Bank of America, the world’s second largest bank by assets, has already announced it will close its retail banking unit, leaving customers without any banking services at all.

But many other banks have announced similar plans, which have prompted concern among investors about the viability of the global financial system as a whole.

“It is clear that the global banking system is not going to survive in a state of permanent financial crisis,” said Shadi Hamidi, a senior fellow at the Atlantic Council, a Washington, DC-based think tank.

The financial crisis has brought with it a flood of capital from outside the United States.

As the value of the dollar has fallen against other currencies, the global stock markets have slumped, forcing many companies to lay off staff.

That has also brought with the crash the collapse of many large and emerging market economies, as they have begun to withdraw their foreign reserves.

At the same time, the U.S. economy has been growing at a slower pace than many of its counterparts, which has helped create a boom in the value and stock markets.

The Fed has increased interest rates twice in less than a year, and many other major central banks have also begun to raise rates to boost the economy.

But some economists have warned that the U-turn on capital markets could lead to a massive decline in the U,S.

dollar and its ability to compete with foreign currencies.

The prospect of falling currencies and higher interest rates could hurt U.s. exports, hurting the competitiveness of American firms, said Michael Spence, a former Fed official who now teaches at Georgetown University.

Meanwhile, some U.K. financial companies are moving to cut costs, while some smaller financial companies have already moved to cut jobs, Bloomberg reported on Monday.

Even if the global economy were to remain healthy, the fallout from the global recession is likely to be much worse than many had hoped. 

“If we can’t recover from this economic crisis, the financial system is going to collapse and we’re going to be in trouble,” said David E. Bierut, the head of the Peterson Institute for International Economics.

That could mean higher interest costs for Americans and a slower economic recovery in the United Kingdom, Germany and other European countries.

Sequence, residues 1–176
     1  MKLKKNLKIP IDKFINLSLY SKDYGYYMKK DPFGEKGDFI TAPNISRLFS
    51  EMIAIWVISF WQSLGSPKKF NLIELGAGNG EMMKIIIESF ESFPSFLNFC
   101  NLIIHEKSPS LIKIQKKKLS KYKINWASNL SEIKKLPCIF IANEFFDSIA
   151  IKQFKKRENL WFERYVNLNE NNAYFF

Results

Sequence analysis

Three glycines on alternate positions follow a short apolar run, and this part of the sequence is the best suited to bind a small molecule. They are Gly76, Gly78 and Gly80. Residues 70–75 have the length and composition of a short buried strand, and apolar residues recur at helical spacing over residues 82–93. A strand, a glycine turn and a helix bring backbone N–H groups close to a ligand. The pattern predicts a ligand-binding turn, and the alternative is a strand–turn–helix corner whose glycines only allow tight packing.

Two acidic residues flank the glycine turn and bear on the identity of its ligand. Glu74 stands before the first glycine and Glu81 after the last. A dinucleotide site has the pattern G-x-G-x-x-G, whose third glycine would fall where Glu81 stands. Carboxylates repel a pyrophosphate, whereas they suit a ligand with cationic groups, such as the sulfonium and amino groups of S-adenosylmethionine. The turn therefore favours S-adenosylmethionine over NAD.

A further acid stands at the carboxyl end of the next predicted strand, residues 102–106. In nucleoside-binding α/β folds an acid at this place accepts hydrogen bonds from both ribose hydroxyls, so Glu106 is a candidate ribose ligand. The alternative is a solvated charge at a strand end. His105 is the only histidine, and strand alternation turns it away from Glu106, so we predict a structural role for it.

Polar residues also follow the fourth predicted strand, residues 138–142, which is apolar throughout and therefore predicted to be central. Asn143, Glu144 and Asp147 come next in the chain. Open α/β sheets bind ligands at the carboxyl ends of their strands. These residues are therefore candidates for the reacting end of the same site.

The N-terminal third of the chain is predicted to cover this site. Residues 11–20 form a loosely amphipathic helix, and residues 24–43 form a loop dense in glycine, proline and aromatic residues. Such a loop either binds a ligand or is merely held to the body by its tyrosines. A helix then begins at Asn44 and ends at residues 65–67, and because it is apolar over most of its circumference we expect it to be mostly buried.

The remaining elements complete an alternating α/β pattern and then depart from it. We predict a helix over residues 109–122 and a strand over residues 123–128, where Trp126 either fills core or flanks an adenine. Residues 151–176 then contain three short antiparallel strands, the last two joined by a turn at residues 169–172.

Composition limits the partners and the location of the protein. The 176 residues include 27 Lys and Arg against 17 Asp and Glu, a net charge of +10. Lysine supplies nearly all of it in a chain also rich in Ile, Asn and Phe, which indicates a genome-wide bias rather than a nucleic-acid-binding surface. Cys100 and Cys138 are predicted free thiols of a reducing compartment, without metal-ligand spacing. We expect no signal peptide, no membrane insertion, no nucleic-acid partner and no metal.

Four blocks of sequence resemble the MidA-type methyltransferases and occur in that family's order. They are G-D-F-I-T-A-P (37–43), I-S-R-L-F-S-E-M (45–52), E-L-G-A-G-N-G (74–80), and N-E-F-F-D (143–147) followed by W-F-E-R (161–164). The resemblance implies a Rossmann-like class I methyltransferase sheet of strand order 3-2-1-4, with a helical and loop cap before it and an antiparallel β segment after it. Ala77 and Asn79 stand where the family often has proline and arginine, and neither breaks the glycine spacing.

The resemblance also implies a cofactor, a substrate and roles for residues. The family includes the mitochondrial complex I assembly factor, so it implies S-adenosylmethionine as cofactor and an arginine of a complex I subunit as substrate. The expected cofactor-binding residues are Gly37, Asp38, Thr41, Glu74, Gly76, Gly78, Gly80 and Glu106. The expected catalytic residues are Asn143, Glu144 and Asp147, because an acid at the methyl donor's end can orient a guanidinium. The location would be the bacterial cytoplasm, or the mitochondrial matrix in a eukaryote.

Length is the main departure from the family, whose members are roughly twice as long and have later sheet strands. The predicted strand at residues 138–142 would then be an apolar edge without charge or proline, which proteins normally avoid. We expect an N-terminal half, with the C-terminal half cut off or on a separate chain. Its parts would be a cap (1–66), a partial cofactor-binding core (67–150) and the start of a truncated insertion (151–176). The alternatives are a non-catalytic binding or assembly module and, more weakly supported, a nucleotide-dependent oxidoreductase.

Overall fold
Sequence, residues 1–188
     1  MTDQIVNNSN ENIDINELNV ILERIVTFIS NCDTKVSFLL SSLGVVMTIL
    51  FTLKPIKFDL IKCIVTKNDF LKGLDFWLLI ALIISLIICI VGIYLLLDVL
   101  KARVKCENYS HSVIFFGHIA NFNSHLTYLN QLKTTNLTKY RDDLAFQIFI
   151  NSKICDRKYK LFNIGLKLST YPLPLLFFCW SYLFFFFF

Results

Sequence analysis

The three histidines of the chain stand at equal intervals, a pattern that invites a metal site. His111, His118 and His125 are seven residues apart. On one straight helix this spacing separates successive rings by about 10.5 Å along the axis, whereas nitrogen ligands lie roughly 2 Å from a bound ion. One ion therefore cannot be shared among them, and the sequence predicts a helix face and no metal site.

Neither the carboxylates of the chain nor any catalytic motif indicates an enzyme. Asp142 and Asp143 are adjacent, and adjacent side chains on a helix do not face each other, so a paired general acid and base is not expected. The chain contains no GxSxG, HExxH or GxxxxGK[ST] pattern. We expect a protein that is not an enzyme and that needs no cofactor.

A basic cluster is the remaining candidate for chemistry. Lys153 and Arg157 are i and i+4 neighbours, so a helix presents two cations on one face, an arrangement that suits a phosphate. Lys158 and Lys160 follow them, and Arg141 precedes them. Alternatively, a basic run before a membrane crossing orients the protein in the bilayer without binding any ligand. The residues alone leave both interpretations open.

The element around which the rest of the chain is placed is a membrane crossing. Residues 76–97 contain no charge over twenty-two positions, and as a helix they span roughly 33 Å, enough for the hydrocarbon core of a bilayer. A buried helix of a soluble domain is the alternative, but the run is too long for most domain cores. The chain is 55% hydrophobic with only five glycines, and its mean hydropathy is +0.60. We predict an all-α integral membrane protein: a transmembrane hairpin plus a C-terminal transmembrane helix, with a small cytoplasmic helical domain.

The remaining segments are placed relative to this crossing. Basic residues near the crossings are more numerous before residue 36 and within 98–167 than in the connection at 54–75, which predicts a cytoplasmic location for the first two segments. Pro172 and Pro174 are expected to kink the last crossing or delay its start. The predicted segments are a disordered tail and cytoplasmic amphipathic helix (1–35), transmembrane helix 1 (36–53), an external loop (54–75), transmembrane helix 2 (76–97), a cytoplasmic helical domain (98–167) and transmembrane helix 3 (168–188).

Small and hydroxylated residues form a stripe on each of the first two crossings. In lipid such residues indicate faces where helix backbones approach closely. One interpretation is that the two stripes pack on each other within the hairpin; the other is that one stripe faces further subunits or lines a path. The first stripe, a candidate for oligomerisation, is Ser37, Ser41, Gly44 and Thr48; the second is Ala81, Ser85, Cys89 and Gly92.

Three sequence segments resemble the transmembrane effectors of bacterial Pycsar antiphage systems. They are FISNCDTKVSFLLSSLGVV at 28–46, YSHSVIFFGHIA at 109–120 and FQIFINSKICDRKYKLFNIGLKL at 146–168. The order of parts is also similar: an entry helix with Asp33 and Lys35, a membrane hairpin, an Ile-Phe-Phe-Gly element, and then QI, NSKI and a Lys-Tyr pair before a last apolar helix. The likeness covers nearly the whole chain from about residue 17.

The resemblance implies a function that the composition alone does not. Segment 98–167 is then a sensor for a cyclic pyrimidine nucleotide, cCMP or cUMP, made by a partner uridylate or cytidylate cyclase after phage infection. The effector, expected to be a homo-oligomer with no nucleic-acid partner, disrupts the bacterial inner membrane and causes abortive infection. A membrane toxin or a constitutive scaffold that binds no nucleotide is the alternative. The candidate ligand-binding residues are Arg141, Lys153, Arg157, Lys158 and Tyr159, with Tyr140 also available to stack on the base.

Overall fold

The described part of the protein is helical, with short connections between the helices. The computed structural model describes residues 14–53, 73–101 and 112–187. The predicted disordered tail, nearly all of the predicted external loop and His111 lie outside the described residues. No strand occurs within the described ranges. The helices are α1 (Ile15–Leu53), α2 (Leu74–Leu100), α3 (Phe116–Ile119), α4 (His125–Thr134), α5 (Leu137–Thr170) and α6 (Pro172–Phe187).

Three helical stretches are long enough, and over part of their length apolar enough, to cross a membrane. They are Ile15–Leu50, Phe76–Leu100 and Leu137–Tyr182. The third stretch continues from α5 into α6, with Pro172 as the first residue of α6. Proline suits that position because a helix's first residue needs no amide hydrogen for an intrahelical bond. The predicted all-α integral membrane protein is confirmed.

In the U!

The U. s. dollar has plunged against other major currencies in the aftermath of the crisis, which forced U. states to raise taxes on the wealthy.

The currency’s decline has contributed to a drop in consumer spending, which in turn has hurt the economy as the U stock market has fallen and the unemployment rate has surged. 

U.S.-based financial companies that are struggling to stay afloat have also faced criticism over the loss of jobs, as the industry is seen as crucial to the U’s financial stability.

Since the crisis began, the stock market in the three biggest U. S. cities — New York, San Francisco and Chicago — has lost more than 1,400 jobs, according to a Bloomberg analysis of data from Bloomberg and FactSet.

The total U. K. financial sector has shed more than 500,000 jobs, including about 300,000 in the financial services sector.

The global financial sector, the third-largest by assets behind the U S. and China, is estimated to have about $1.7 trillion in assets.

A number of other international banks, including UBS, Goldman Sachs and JPMorgan Chase, have also announced that they would close their retail banking units, Bloomberg reports. 

Meanwhile, the European Central Bank, which helped rescue European banks during the financial crisis, has also said that it is considering introducing capital controls to stem the effects of the crash on the U., and it may also consider raising interest rates.

If the U is to stay healthy, banks will have to keep investing in assets that have a long term, stable basis, said Hamidi.

For the past six years, the average return on the S&P 500 has averaged 8.4% a year.

However, in the last three months of 2018, the index has dropped to a 10.3% loss.

While some financial firms are making profits, the real estate sector in particular has been hit hard.

Real estate is one of the most important components of the U s economy, and it has lost nearly $700 billion since the start of the financial downturn.

The U stockmarket has lost almost $1 trillion, according a Bloomberg report.

The loss has led to a sharp drop in mortgage interest rates, which are now hovering around 5.75%, down from a peak of 8.75% in the early 2000s.

There have been several other signs that the financial sector is struggling to survive the global crisis, including a drop of the value in the yen against the dollar, and a sharp rise in interest rates on some currencies.

More than $2 trillion has been wiped off the value by banks and other